Pursuant to Article III of the Constitution, federal courts only have constitutional authority to resolve cases or controversies in which a party has standing to sue. Whether a party has standing to sue is dependent on three elements: (1) the plaintiff must have suffered an injury in fact; (2) there must be a causal connection between the injury and conduct brought before the court; and (3) it must be likely, rather than speculative, that a favorable decision by the court will redress the injury. If a plaintiff cannot meet the first element, injury in fact, then the court need not consider the remaining elements.

    In the present case, the plaintiffs alleged injury in fact on the grounds that NMFS “deprived them of information that they would otherwise have received in the absence of that decision: namely, the necropsy reports that marine parks and zoos were required to submit to NMFS” per the terms of the pre-amended MMPA permits. Further, as a result of NMFS’s decision that it lacked jurisdiction, the plaintiffs alleged they were unable to obtain medical and scientific information vital to their professional pursuits.

    Because the plaintiffs’ claimed injury in fact was based on the deprivation of information to which they believed they were lawfully entitled, the court stated that plaintiffs had to point to some statutory entitlement to the information it sought. In reaching its decision, the District Court stated, “[n]one of the plaintiffs have alleged that they have ‘been deprived of information’ that, even on their interpretation of the law, ‘a statute requires the government or a third party to disclose’ to them.” Nothing in the MMPA or any other statute requires NMFS to collect necropsy reports from marine parks and zoos. Moreover, the court held that the unenforced necropsy provisions that the plaintiffs identified as the source of their injuries “[were] not creatures of statute, but instead consequences of NMFS’s discretionary decision to include those provisions in the permits it issued, as well as its discretionary decision to issue those permits in the first place.” The court therefore held that, because no statute required the government or a third party to disclose the information that the plaintiffs sought, the plaintiffs failed to allege a cognizable injury in fact and therefore lacked standing to pursue the lawsuit. The court accordingly granted the defendant’s motion to dismiss, effectively barring plaintiffs from obtaining Tilikum’s medical records. Plaintiffs have appealed the district court’s decision to the D.C. Circuit Court of Appeals, which will begin to consider the case’s future once all parties’ briefs have been submitted.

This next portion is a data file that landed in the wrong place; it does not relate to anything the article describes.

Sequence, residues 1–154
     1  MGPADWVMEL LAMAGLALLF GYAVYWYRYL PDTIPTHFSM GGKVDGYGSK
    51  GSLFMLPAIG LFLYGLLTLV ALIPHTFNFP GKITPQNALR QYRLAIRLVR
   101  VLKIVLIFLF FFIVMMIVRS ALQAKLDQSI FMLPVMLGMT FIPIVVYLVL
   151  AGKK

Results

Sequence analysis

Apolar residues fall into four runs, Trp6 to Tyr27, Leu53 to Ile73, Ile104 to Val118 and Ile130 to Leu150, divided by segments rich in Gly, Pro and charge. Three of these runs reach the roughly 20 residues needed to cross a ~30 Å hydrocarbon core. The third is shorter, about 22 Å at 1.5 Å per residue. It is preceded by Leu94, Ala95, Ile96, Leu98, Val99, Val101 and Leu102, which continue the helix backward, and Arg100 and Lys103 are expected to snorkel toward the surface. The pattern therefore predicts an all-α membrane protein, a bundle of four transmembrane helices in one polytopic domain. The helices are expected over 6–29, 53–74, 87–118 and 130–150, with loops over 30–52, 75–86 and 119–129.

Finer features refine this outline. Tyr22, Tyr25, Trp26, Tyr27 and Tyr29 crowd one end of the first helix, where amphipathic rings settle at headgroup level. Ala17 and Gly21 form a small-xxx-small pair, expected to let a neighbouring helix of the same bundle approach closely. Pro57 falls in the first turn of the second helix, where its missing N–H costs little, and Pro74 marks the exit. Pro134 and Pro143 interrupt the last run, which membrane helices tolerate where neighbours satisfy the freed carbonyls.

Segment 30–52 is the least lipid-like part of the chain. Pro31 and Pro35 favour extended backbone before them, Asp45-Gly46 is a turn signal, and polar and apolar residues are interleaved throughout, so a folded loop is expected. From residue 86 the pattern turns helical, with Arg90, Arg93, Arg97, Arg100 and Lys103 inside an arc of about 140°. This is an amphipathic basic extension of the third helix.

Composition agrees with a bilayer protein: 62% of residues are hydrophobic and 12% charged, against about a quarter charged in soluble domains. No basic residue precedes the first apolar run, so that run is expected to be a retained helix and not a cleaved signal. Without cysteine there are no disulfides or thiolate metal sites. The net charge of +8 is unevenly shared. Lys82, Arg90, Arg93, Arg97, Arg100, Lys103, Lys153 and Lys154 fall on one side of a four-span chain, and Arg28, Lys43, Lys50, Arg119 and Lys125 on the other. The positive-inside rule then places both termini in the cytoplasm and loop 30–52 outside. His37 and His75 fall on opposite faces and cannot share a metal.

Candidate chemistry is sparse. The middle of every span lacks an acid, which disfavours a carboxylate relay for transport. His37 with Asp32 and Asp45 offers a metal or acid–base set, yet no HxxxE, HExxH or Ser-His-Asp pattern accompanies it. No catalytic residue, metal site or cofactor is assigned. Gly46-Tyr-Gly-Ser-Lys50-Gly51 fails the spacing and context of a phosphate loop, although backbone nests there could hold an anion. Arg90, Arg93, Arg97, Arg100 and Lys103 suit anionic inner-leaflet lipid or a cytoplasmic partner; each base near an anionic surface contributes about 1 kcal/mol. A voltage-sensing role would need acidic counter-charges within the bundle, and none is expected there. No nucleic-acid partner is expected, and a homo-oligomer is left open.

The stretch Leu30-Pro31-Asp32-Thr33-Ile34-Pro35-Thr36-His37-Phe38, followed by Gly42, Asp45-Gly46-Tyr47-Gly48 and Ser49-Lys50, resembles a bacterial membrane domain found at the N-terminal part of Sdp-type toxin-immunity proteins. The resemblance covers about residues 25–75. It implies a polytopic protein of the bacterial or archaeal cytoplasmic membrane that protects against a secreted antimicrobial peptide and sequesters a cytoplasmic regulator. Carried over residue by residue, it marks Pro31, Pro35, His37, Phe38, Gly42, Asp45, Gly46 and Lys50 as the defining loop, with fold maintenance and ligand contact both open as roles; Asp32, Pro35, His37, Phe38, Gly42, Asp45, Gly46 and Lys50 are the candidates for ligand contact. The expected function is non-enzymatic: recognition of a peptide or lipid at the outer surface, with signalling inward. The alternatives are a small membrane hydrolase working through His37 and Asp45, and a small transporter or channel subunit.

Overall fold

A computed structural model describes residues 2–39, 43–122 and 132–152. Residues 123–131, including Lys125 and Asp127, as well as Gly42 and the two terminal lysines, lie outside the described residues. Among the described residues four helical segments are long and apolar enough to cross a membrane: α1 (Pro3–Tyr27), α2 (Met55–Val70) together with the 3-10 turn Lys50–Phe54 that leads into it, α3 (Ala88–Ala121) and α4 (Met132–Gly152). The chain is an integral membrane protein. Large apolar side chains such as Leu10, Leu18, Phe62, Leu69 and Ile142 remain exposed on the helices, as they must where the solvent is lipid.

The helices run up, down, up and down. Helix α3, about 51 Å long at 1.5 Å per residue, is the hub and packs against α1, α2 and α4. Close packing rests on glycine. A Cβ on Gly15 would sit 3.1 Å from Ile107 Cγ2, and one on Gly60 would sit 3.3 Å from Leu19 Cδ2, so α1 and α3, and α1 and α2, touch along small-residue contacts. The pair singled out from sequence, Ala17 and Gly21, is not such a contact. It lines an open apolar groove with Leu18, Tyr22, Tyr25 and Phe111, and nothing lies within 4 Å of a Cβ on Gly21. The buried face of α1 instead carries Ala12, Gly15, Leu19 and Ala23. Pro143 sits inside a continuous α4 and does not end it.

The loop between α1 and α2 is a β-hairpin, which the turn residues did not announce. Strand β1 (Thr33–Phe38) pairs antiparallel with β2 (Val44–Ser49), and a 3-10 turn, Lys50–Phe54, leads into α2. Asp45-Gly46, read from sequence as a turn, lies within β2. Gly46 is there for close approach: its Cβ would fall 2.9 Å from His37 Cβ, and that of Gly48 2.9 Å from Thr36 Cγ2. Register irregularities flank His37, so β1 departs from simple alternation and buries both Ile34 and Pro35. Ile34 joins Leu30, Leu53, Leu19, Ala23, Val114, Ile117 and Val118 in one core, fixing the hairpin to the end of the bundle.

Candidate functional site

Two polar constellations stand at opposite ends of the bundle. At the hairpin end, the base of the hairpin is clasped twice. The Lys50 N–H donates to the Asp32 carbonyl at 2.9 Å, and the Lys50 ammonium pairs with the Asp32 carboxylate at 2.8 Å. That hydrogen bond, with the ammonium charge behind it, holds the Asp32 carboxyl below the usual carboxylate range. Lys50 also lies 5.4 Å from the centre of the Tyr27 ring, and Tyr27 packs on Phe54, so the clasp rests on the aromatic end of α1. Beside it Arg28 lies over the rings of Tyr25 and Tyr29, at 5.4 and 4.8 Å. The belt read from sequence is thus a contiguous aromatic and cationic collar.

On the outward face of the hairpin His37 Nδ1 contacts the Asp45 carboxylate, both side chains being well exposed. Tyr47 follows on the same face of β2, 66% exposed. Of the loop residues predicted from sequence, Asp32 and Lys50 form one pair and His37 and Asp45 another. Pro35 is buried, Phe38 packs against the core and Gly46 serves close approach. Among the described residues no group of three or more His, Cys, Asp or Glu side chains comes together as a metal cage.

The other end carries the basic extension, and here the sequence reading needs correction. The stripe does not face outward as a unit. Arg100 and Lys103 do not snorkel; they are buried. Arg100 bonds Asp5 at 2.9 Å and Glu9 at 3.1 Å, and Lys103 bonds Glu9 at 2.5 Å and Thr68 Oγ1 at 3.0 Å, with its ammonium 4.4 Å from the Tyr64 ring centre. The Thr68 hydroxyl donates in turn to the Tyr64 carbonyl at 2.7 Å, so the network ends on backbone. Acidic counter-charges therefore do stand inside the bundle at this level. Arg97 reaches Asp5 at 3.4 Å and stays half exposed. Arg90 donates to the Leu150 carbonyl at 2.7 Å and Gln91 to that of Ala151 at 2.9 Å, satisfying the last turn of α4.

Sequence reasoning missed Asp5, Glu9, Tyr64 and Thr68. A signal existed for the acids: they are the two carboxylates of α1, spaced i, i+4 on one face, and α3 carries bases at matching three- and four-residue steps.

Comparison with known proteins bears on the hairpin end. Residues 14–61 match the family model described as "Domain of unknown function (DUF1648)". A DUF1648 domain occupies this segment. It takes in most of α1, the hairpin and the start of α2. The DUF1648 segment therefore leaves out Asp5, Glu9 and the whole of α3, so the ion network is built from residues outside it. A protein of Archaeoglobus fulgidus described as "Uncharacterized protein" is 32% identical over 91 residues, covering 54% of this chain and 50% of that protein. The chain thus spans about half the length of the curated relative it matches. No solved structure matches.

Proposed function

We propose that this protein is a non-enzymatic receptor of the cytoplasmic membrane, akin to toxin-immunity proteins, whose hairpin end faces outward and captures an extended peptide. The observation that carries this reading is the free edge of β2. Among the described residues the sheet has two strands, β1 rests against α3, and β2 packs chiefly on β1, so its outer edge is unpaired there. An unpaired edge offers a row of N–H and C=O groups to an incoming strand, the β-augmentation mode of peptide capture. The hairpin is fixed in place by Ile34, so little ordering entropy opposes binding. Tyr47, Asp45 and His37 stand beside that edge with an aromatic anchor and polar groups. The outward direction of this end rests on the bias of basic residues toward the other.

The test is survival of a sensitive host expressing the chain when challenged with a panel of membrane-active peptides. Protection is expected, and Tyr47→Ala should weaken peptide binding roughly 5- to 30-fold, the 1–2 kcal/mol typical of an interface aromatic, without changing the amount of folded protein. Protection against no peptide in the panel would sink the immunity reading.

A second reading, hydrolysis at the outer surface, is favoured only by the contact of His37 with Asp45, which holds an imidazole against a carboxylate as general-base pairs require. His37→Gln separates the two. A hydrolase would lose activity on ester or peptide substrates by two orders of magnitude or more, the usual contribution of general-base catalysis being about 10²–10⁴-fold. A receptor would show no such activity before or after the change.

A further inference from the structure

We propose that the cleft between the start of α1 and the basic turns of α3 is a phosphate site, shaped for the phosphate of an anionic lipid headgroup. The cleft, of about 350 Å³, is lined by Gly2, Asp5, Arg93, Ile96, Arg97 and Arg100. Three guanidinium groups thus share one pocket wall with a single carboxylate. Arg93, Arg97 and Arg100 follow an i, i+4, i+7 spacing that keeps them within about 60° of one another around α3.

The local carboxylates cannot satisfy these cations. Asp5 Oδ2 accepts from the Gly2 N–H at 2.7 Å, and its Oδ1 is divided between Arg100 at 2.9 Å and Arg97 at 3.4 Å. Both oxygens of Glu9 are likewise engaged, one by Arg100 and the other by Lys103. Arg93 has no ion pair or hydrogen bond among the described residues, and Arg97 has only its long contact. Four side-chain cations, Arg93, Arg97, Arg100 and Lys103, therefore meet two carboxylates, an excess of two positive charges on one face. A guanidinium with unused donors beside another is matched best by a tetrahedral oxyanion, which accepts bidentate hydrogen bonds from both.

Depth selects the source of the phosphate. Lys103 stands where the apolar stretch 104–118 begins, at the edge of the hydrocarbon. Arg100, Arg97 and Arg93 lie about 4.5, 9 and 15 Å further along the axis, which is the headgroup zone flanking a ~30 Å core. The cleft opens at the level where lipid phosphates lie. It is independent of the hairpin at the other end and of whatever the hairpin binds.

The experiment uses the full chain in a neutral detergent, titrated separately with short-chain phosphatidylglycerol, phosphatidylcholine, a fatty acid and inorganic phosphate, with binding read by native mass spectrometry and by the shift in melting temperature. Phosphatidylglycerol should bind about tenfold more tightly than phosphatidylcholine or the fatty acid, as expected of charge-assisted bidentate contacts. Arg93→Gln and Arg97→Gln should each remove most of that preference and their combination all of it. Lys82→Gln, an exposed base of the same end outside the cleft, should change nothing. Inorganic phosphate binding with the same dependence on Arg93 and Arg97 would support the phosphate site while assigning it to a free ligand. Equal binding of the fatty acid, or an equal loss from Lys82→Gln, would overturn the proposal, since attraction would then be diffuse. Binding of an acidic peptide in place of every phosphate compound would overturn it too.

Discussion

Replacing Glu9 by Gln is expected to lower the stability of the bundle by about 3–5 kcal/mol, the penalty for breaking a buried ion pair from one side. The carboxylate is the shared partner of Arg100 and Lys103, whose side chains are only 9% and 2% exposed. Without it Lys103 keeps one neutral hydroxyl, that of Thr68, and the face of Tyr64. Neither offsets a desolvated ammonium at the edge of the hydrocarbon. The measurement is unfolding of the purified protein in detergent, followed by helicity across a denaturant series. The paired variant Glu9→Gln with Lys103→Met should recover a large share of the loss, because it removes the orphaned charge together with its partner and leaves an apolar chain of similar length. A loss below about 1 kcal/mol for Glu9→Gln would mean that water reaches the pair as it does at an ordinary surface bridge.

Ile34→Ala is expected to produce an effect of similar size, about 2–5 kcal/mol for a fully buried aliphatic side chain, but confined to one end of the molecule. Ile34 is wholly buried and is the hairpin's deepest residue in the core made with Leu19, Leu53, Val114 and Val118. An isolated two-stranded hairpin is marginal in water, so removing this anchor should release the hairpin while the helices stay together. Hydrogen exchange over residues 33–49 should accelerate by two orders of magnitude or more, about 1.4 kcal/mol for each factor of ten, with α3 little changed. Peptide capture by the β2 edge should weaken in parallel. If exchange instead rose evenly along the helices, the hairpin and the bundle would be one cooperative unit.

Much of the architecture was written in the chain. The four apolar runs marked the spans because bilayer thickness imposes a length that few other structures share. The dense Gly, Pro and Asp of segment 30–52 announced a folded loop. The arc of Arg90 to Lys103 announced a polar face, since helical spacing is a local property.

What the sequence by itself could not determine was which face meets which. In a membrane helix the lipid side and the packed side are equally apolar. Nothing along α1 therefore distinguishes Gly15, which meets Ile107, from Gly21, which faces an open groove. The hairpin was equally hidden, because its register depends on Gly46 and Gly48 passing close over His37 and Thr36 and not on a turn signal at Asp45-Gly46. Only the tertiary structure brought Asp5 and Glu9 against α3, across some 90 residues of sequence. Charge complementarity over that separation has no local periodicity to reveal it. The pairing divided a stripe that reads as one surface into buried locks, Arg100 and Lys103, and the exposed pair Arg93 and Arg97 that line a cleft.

The dispute over Tilikum’s death records isn’t the only whale-related litigation making headlines lately. A different federal district court is currently reviewing a NMFS permit issued to an aquarium in Connecticut to import five captive-born beluga whales after a group of animal rights organization challenged the permit on the basis that it violates various requirements of the MMPA, and also that NMFS failed to analyze the injuries that the permit would cause beluga whales in violation of the National Environmental Policy Act. The outcomes of both cases are sure to make a splash, especially in light of the implications that may ripple across the scientific and environmental communities.

  • Betsy Lee Montague
    NSGLC Research Associate